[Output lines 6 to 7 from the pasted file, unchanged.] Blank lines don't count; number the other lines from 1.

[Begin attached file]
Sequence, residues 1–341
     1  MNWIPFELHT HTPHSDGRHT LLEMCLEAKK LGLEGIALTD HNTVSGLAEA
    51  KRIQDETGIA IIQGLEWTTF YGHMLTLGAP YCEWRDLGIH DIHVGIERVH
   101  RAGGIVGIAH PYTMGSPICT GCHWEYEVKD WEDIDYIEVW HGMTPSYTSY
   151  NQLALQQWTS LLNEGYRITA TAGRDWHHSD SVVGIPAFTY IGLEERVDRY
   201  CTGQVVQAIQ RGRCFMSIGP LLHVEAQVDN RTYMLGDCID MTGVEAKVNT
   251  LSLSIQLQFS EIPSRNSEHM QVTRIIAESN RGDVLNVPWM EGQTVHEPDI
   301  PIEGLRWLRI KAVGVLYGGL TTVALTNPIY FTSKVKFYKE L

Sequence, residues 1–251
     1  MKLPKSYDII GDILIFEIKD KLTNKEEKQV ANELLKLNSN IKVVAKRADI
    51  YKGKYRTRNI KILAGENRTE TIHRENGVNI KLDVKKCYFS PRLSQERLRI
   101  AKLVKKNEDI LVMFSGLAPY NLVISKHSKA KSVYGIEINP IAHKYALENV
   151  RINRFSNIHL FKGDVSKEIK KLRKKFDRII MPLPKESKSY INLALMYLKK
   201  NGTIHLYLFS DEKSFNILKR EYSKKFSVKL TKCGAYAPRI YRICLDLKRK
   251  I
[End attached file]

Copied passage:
   201  CTGQVVQAIQ RGRCFMSIGP LLHVEAQVDN RTYMLGDCID MTGVEAKVNT
   251  LSLSIQLQFS EIPSRNSEHM QVTRIIAESN RGDVLNVPWM EGQTVHEPDI